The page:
The objective of the design evaluation is to ensure that the level of safety of the aircraft is not degraded by the installation of an IFE system. The applicant should consider the following design features when evaluating the acceptability of the IFE system design and installation, its compliance with the applicable requirements of 5XX.1309, 5XX.1333(c), 5XX.1351, 5XX.1353(a) and (b), and 5XX.1431 of the AWM, and its safety:
- The IFE system should be connected to an electrical bus that does not supply power to aircraft systems that are necessary for continued safe flight and landing. IFE system designers should select lower-level electrical busses, such as those used for utility, galley, and ground service equipment;
- The design should include a labeled and readily accessible means to disconnect the IFE system from its source of power. The interruption of power should occur as close to the busses supplying power as possible. The disabling or deactivation of components is not considered an acceptable means to remove power. For example, disabling or deactivating the output of a power supply, display, or seat electronic box while remaining connected to electrical power is not acceptable. The means to disconnect the IFE system should be provided to the flight crew members. Each combination, however, of an IFE system with a particular aircraft model is unique and should be evaluated accordingly. It may be acceptable to provide flight attendants with the means to remove the power rather than provide the means to the flight crew members
- Reliance on pulling system circuit breakers, as the sole means to remove IFE system power, is not acceptable. The use of circuit breakers as switches will degrade the circuit breaker's ability to trip at its rated current trip point. Results from aircraft inspections showed that some IFE systems had circuit breakers that are not accessible during flight requiring the flight crew members to leave their seats to locate and pull the circuit breaker;
- The IFE system wiring should be protected by appropriately rated and coordinated circuit breakers;
- An aircraft flight manual supplement should address any changes to normal, abnormal, and emergency procedures that may have resulted from the installation of the IFE system. If removal of the IFE system power is planned to be performed by the flight attendant, the flight attendant manual should contain appropriate procedures and the aircraft flight manual supplement should be appropriately amended to inform the flight crew members that IFE system power removal is accomplished by the flight attendant; and
- For IFE systems that include seat-mounted equipment, the applicant should address compliance for the entire IFE system, including the seat-mounted equipment. It is incorrect to assume that the applicable installation requirements for electrical components are addressed by meeting the minimum performance standards of a technical standard order for a seat.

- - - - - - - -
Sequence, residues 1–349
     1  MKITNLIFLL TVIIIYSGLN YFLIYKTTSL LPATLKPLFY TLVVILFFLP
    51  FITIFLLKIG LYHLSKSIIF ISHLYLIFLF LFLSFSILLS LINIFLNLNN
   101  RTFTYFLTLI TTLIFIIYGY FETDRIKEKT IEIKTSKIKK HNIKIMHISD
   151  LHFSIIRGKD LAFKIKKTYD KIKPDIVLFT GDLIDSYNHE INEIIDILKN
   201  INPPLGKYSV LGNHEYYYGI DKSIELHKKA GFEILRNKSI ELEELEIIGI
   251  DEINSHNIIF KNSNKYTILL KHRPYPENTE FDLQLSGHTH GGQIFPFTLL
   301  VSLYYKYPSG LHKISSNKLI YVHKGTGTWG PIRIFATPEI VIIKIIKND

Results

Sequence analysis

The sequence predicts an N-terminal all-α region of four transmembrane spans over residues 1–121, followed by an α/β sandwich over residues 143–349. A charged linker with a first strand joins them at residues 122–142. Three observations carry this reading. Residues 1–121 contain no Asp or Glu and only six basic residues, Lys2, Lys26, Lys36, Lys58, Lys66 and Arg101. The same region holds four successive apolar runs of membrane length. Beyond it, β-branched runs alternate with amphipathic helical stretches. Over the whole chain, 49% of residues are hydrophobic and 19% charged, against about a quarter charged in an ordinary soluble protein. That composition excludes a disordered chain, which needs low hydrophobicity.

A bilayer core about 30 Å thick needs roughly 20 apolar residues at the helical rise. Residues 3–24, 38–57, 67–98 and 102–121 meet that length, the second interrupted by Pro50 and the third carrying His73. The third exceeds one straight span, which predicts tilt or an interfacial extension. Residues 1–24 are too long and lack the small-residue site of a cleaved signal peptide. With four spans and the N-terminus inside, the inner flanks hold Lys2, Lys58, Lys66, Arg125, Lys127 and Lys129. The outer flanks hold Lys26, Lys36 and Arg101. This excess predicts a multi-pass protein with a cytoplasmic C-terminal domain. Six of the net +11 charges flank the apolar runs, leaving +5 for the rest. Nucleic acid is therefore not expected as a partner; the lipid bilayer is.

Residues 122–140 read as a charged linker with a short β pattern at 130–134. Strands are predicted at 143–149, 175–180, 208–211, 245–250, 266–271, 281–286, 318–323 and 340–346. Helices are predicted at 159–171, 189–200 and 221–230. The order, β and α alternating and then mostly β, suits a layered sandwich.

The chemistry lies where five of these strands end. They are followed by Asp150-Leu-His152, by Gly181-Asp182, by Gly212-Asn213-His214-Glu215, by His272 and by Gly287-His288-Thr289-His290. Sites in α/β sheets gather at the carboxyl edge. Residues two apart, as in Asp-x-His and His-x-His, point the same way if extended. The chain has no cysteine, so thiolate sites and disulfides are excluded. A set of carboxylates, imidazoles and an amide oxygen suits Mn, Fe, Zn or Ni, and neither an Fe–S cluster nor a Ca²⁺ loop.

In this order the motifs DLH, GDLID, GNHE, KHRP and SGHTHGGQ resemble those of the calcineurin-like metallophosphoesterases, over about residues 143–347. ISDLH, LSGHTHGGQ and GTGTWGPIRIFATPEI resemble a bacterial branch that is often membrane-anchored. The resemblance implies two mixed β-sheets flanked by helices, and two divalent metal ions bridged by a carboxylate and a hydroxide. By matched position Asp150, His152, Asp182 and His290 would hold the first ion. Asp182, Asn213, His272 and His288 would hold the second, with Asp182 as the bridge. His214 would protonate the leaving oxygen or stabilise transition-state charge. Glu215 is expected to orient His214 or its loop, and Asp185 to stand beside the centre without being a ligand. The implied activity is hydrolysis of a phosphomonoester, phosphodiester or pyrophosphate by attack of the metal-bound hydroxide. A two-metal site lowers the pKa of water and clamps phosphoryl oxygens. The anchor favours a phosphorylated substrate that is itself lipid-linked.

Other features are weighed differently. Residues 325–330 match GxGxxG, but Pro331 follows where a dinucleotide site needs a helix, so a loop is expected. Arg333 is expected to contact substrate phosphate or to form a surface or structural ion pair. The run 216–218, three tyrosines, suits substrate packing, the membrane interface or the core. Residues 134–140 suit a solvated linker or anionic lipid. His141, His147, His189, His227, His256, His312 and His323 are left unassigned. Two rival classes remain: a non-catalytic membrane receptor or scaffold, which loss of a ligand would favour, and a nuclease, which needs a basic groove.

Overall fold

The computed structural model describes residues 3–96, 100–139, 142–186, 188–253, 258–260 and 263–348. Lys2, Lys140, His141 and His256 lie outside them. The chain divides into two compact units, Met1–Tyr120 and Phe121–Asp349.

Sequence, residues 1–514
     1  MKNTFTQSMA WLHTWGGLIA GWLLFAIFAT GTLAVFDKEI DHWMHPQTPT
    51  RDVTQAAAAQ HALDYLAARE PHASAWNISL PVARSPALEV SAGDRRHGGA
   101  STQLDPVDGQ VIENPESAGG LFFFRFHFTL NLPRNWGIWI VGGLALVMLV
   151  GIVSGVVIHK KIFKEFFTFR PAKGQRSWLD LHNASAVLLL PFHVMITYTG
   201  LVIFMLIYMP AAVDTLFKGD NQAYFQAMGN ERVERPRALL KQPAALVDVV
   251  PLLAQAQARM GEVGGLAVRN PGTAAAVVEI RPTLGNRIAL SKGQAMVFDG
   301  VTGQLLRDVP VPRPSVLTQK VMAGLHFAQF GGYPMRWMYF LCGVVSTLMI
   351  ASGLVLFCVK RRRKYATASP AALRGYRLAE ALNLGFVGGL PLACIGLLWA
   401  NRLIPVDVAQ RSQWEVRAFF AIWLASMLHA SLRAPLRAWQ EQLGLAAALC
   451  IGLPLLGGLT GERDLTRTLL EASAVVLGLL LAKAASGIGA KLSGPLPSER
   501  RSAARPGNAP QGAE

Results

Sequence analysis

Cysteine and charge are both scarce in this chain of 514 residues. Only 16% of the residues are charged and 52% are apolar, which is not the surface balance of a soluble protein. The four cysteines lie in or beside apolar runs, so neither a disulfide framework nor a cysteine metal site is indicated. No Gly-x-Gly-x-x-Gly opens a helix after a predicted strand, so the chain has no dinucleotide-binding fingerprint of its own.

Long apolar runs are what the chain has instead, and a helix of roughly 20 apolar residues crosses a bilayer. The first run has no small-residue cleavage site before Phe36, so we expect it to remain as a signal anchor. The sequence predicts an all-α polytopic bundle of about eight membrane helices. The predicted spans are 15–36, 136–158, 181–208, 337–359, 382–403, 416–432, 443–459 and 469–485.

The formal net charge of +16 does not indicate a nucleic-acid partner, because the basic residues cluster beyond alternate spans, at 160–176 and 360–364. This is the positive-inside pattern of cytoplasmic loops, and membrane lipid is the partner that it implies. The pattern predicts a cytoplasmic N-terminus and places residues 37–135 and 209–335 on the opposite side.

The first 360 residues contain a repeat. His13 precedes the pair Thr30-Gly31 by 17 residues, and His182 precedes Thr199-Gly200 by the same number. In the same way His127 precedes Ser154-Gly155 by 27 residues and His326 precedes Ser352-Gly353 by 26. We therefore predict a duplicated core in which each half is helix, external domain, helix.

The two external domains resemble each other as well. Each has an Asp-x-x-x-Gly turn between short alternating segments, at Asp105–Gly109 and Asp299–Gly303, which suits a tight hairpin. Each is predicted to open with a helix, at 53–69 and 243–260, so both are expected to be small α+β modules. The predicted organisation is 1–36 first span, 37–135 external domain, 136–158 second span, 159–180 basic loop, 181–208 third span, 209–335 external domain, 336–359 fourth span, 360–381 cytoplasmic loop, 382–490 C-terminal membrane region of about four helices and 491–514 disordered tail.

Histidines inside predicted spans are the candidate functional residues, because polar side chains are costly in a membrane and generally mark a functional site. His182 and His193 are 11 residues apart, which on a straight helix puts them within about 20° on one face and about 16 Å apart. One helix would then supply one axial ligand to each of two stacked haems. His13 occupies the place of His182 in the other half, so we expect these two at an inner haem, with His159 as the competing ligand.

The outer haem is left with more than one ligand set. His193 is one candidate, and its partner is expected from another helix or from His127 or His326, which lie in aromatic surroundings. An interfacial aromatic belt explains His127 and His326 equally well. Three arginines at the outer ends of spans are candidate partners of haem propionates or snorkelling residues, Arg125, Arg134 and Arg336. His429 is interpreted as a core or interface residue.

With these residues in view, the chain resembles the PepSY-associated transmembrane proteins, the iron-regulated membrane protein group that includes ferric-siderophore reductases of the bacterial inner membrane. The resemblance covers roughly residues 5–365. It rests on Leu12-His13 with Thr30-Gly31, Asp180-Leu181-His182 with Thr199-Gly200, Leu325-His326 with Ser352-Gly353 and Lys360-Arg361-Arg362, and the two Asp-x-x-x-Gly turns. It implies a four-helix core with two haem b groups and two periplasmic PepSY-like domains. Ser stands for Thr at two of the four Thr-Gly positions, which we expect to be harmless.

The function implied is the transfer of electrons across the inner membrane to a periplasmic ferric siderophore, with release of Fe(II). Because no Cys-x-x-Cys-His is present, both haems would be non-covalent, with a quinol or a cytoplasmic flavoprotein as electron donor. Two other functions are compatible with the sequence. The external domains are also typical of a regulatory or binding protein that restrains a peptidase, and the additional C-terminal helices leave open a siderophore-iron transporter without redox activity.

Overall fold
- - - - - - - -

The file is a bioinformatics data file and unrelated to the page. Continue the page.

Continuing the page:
The following should also be considered, as appropriate, to the aircraft category, the electrical load of the IFE system, system complexity, wire routing, component locations, and whether the application is for an LSTC or STC:
- Drawings and installation instructions shall meet subsection 513.05(1) of the AWM and to maintain non-essential, non-required systems separation from required systems. (FAA Policy Statement, identified in subsection 2.1(i), should be followed when applicable);
- Flammability of the wiring shall be addressed for compliance to sections 523.1359, 527.1365, or 529.1359 and Chapter 525, Appendix F, Part I of the AWM;
- Consideration should be given to the aircraft manufacturer’s design philosophy by following the completion centre handbook and maintenance manual when designing the IFE system installation. If this information or the manuals are not available, a careful assessment of the installation should take place. Installation of new wires in a compartment where the original design avoided their installation should be addressed for compliance to section 525.863 of the AWM;
- Certification documents shall include an electrical load analysis as per the applicable AWM requirement, such as section 5xx.1351 of AWM; and
- Instructions for Continued Airworthiness (ICA) shall meet: Chapter 523, Appendix G; Chapter 525, Appendix H; and Chapter 527 and 529, Appendix A of the AWM, as applicable
Master minimum equipment list (MMEL) and minimum equipment list (MEL) relief should be requested and justified for IFE system failures and components. Such relief should take into account the alternate means to provide the standard safety briefings if the IFE system is normally used for these briefings. Failure to obtain this MMEL/MEL relief may result in the aircraft being grounded because of failures that may not in fact degrade the safety of the aircraft operation.
For more information please contact:
Policy Standards Coordinator (AARDH/P)
Original signed by Gilles Morin
Chief, Regulatory Standards
- Date modified: